matters  Crassus  will  one  day  disentangle  for  us  and 
set  forth  arranged  under  heads  ;  for  you  must  know, 
Catulus,  that  yesterday  he  promised  us  that  he 
would  collect  under  definite  heads  the  common  law, 
at  present  dispersed  in  disorder,  and  would  reduce 
it  to  an  easy  system." 

143  "  To  be  sure,"  answered  Catulus,  "  that  is  easy 
enough  for  Crassus,  who  has  learned  all  there  is  to 
be  learned  about  law,  and  will  personally  supply  the 
deficiencies  of  his  teachers,  to  make  it  possible  for 
liim  to  arrange  fittingly  and  elucidate  elegantly  the 
contents  of  the  law."  "  Well  then,"  said  Antonius, 
"  we  shall  learn  those  things  from  Crassus,  when 
as  he  is  thinking  of  doing,  he  has  withdrawn  from 
the    hubbub   of   the    Courts   to   the   peace   of   his 

144  armchair."  "  I  have  often  heard  him  say  so,"  re- 
joined  Catulus,  "  when  he  has  been  announcing  his 
resolve  to  retire  from  practice  at  the  Bar,  but,  as  I 



sed,  ut  ipsi  soleo  dicere,  non  licebit ;  neque  enim  ipse 
auxilium  suum  saepe  a  viris  bonis  frustra  implorari 
patietur  neque  id  aequo  animo  feret  civitas,  quae  si 
voce  L.  Crassi  carebit,  ornamento  quodam  sese 
spoliatam  putabit.  Nam  hercle,  inquit  Antonius, 
si  haec  vere  a  Catulo  dicta  sunt,  tibi  mecum  in  eodem 
est  pistrino,  Crasse,  vivendum  ;  et  istam  oscitantem 
et   dormitantem   sapientiam   Scaevolarum   et   cete- 

145  rorum  beatorum  otio  concedamus.  Arrisit  hic 
Crassus  leniter  et :  Pertexe  modo,  inquit,  Antoni, 
quod  exorsus  es  ;  me  tamen  ista  oscitans  sapientia, 
simul  atque  ad  eam  confugero,  in  hbertatem  vin- 

XXXIV.  Huius  quidem  loci,  quem  modo  sum 
exorsus,  hic  est  finis,  inquit  Antonius  ;  quoniam 
intellegitur  non  in  hominum  innumerabilibus  per- 
sonis  neque  in  infinita  temporum  varietate,  sed  in 
generum  causis  atque  naturis  omnia  sita  esse,  quae  in 
dubium  vocarentur,  genera  autem  esse  definita  non 
solum  numero,  sed  etiam  paucitate,  ut  eam  materiem 
orationis,  quae  cuiusque  esset  generis,  studiosi  qui 
essent  dicendi,  omnibus  locis  discriptam,  instructam 
omatamque  comprehenderent  rebus  dico  et  senten- 

146  tiis.  Ea  vi  sua  verba  parient,  quae  semper  satis 
ornata  mihi  quidem  videri  solent,  si  eius  modi  sunt,  ut 
ea  res  ipsa  peperisse  videatur.  Ac  si  verum  quaeritis, 
quod  mihi  quidem  videatur — nihil  enim  ahud  affir- 
mare  possum  nisi  sententiam  et  opinionem  meam — 
hoc  instrumentum  causarum  et  generum  universorum 
in  forum  deferre  debemus  neque,  ut  quaeque  res 
delata  ad  nos  erit,  tum  denique  scrutari  locos,  ex 

DE  ORATORE,  II.  xxxui.  144^xxxiv.  146 

always  tell  him,  he  will  not  get  the  chance  :  for  he 
himself  will  seldom  sufFer  his  aid  to  be  begged  in 
vain  by  men  of  worth,  nor  will  the  community  bear 
it,  but  will  think  itself  robbed  of  its  jewel,  as  it  were, 
if  it  miss  the  tones  of  Lucius  Crassus."  "  Upon  my 
word,  Crassus,"  interposed  Antonius,  "  if  Catulus 
has  been  telling  the  truth,  you  and  I  will  have  to 
pass  our  lives  together  in  the  same  pounding-mill ; 
and  we  shall  let  leisure  have  ( — and  welcome  too) 
that  yawning  and  drowsy  philosophizing  of  men  like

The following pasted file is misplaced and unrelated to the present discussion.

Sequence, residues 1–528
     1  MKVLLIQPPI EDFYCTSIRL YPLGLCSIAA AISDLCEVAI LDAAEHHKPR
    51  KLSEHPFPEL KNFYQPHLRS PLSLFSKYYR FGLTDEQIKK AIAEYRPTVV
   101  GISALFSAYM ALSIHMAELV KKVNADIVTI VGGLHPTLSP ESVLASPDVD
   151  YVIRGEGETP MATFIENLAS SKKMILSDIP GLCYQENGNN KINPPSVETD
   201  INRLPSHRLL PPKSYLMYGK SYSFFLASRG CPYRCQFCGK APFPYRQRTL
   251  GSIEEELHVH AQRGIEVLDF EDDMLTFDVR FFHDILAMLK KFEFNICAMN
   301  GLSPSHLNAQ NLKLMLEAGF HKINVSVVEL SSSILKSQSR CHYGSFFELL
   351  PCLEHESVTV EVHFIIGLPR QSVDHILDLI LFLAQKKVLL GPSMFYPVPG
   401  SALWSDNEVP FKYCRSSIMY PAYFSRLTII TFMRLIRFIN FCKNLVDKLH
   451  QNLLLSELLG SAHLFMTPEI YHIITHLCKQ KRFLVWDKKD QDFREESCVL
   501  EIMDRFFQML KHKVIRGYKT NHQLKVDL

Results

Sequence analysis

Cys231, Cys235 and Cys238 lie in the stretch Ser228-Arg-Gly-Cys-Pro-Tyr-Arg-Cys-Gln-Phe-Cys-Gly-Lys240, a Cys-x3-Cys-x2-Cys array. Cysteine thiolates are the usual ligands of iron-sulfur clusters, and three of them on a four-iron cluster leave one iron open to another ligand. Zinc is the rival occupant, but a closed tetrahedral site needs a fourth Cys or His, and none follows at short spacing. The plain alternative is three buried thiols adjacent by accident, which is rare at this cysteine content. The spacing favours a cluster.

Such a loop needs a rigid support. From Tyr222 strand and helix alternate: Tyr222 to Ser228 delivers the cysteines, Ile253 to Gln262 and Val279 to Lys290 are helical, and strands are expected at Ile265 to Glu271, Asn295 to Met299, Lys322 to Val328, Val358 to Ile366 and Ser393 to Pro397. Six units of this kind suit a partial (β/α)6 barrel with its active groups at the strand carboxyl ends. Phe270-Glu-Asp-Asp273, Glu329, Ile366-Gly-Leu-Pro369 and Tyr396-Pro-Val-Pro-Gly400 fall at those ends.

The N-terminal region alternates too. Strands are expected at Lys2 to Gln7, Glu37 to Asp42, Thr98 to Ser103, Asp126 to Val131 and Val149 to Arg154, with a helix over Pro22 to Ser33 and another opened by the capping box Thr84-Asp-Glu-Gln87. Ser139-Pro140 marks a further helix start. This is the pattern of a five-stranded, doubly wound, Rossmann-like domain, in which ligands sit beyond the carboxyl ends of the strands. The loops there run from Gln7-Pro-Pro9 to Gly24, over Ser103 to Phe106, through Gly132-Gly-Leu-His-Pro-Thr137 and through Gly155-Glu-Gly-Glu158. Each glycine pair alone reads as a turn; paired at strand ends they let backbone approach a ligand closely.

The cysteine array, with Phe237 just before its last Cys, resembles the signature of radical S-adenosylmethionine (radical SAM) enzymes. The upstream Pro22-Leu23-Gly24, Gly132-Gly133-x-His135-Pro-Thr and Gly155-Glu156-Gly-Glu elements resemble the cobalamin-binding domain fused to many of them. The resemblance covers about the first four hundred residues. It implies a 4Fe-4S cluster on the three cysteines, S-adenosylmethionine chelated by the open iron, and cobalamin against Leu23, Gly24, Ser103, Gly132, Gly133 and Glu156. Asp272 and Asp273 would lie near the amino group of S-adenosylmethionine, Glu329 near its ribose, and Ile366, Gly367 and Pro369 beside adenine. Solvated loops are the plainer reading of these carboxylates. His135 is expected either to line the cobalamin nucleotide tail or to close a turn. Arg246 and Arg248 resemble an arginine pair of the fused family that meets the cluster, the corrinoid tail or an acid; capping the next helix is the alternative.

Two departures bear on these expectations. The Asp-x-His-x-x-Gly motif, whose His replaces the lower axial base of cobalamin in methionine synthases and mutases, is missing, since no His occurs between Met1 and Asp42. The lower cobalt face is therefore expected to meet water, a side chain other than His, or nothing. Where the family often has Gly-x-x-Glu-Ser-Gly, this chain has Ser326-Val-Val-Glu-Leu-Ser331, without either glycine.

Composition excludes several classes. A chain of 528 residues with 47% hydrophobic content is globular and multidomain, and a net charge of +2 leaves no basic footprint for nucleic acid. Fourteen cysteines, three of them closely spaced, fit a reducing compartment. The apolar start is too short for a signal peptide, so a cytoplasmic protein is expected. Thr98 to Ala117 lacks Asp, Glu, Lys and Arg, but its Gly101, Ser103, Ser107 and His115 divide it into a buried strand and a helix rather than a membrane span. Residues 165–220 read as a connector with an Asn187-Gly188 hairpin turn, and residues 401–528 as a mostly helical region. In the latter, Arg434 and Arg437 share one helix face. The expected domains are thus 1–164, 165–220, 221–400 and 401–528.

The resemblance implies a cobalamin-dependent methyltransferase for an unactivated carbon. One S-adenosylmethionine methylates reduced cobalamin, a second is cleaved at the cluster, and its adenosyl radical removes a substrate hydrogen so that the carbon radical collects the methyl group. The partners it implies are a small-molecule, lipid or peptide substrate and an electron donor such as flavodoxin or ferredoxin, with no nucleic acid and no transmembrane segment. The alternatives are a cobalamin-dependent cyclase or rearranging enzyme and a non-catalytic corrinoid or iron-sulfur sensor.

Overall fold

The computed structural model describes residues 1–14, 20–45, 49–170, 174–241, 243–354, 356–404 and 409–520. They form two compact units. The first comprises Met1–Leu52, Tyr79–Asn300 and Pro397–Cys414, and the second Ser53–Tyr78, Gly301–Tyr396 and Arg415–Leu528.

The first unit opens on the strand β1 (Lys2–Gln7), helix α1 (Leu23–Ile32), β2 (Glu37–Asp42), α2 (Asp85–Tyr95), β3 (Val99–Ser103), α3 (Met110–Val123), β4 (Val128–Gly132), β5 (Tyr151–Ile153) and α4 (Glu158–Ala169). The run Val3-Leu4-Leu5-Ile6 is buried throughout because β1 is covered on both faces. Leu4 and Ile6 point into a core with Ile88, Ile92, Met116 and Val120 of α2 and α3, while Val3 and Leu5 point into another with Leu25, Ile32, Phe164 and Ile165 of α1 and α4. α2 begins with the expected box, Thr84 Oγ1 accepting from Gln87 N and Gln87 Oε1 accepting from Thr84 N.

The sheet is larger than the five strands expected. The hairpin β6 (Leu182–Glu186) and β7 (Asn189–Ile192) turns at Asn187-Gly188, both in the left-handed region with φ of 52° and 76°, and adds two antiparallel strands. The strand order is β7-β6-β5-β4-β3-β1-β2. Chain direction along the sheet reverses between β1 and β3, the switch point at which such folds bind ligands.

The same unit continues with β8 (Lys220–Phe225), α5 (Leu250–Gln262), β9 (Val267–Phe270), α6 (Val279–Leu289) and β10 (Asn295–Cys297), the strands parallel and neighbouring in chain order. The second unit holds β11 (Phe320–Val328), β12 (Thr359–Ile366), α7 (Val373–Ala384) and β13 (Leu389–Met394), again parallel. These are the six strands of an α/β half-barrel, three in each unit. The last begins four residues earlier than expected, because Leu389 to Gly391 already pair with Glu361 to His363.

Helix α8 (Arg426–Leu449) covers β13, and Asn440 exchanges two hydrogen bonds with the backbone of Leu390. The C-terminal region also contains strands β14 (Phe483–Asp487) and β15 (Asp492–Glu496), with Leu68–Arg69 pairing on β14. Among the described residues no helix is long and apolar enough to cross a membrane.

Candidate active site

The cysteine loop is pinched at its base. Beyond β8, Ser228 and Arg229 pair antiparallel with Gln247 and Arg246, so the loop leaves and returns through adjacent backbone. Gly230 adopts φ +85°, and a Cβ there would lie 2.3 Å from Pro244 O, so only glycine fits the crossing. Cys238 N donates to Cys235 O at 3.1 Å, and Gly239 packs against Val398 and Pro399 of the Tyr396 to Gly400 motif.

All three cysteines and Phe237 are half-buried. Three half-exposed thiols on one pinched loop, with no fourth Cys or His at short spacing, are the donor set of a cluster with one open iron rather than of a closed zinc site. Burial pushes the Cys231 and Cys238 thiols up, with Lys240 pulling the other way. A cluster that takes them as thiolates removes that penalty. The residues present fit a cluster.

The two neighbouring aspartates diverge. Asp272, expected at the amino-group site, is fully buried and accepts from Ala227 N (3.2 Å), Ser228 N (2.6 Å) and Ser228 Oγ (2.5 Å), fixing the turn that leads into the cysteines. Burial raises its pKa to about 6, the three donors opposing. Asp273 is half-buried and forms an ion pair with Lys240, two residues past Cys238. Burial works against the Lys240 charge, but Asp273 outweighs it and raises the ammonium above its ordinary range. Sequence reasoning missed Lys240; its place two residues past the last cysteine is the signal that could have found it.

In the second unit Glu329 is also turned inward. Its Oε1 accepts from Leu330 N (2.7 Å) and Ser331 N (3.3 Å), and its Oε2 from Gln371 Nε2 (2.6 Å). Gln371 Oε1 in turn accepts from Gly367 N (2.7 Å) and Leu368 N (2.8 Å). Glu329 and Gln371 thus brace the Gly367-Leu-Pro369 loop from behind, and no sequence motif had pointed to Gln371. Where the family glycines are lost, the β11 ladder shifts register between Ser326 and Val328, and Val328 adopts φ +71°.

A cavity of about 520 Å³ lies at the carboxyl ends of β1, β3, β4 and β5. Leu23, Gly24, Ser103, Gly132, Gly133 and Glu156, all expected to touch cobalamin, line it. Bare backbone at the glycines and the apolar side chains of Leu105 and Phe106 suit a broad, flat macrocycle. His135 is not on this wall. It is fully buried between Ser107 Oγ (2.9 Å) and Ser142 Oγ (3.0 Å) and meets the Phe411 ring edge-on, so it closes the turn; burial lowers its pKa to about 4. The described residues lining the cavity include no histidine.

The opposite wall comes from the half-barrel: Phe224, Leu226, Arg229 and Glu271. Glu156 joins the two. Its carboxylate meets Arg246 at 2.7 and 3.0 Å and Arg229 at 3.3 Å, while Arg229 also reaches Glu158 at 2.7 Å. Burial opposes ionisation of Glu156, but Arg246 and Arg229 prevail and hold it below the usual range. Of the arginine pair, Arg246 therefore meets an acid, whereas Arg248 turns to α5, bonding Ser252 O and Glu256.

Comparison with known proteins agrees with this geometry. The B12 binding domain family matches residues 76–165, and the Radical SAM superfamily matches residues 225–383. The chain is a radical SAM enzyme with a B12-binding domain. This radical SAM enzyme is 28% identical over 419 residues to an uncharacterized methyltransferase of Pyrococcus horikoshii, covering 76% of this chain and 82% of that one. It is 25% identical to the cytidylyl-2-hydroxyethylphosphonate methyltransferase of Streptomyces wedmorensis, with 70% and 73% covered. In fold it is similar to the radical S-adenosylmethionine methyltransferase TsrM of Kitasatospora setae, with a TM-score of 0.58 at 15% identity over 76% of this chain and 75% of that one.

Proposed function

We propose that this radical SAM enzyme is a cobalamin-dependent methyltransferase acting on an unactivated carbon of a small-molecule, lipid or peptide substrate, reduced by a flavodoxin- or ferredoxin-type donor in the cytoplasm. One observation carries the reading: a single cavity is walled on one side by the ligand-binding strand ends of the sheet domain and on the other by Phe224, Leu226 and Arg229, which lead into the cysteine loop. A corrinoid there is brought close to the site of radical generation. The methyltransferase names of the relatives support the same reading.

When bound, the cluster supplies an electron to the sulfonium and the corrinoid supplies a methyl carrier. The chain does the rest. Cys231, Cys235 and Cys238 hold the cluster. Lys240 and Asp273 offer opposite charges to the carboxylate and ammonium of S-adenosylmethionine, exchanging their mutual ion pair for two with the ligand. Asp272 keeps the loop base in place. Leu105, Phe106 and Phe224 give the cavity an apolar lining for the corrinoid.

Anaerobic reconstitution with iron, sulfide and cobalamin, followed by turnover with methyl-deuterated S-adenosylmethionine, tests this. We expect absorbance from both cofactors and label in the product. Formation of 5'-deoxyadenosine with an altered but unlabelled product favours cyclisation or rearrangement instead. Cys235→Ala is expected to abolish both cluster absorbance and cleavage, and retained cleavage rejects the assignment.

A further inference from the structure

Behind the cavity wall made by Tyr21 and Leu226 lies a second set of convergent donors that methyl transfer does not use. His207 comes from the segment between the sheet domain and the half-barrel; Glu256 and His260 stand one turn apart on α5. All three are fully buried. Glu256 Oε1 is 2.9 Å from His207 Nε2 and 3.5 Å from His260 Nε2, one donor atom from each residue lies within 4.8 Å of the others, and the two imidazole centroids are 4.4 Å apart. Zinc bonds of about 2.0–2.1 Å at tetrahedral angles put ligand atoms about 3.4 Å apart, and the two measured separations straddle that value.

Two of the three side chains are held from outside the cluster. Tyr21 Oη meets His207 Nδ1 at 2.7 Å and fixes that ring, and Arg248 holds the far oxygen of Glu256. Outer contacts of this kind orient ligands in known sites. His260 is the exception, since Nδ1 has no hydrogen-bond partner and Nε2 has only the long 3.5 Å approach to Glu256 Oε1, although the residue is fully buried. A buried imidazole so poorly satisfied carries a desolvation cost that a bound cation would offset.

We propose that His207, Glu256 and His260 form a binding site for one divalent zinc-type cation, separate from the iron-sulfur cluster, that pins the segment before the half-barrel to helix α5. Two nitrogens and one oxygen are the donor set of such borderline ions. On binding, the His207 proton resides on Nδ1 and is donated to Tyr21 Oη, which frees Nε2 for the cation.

145  Scaevola  and  the  others  who  are  lucky."  Crassus 
laughed  quietly  at  this,  observing,  "  Just  weave  out 
the  warp  you  have  begun,  Antonius,  but  that  yawn- 
ing  Philosophy  of  yours,  when  once  I  have  found 
sanctuary  with  her,  will  claim  my  freedom." 

XXXIV.  "  This  then,"  resumed  Antonius,  "  is  the  Necessity 
aim  of  the  topic  whose  warp  I  opened  just  now  :   it  equippfd  in 
beinff  understood  that  all  the  possible  subiects  of  adyance 
debate  are  not  founded  on  a  countless  host  of  human  ments— 
beings  or  an  endless  diversity  of  occasions,  but  on  by^^idyr 
t^rpical  cases  and  characters,  and  that  the  types  are 
not  merely  limited  in  number  but  positively  few,  I 
wished  the  devotees  of  eloquence  to  contemplate  the 
fabric  of  speeches  of  the  several  kinds,  in  distribution 
under  all  the  headings,  and  in  good  order  and  well 

146  furnished,  with  facts,  I  mean,  and  reflections.  These 
things,  by  their  own  natural  force,  will  beget  the 
words,  which  I,  at  any  rate,  always  think  well  enough 
found,  if  they  are  such  as  seem  to  grow  out  of  the 
inherent  circumstances.  And  if  you  want  the  truth, 
at  any  rate  as  I  see  it  (for  I  can  assert  only  my  own 
verdict  and  belief),  we  ought  to  bring  this  stock  of 
cases  and  types  down  to  Court  with  us,  and  not  wait 
until  we  have  accepted  a  brief,  before  we  search  the 



quibus  argumenta  eruamus ;  quae  quidem  omnibus, 
qui  ea  mediocriter  modo  considerarint,  studio  adhibito 
et  usu  pertractata  esse  possunt ;  sed  tamen  animus 
referendus  est  ad  ea  capita  et  ad  illos,  quos  saepe 
iam  appellavi,  locos,  ex  quibus   omnia  ad  omnem 

147  orationem  inventa  ducuntur.  Atque  hoc  totum  est 
sive  artis  sive  animadversionis  sive  consuetudinis 
nosse  regiones,  intra  quas  venere  et  pervestiges, 
quod  quaeras.  Ubi  eum  locum  omnem  cogitatione 
saepseris,  si  modo  usu  rerum  percallueris,  nihil  te 
eflPugiet  atque  omne,  quod  erit  in  re,  occurret  atque 

XXXV.  Et  sic,  cum  ad  inveniendum  in  dicendo 
tria  sint :  acumen,  deinde  ratio,  quam  licet,  si  volu- 
mus,  appellemus  artem,  tertium  diligentia,  non 
possum  equidem  non  ingenio  primas  concedere,  sed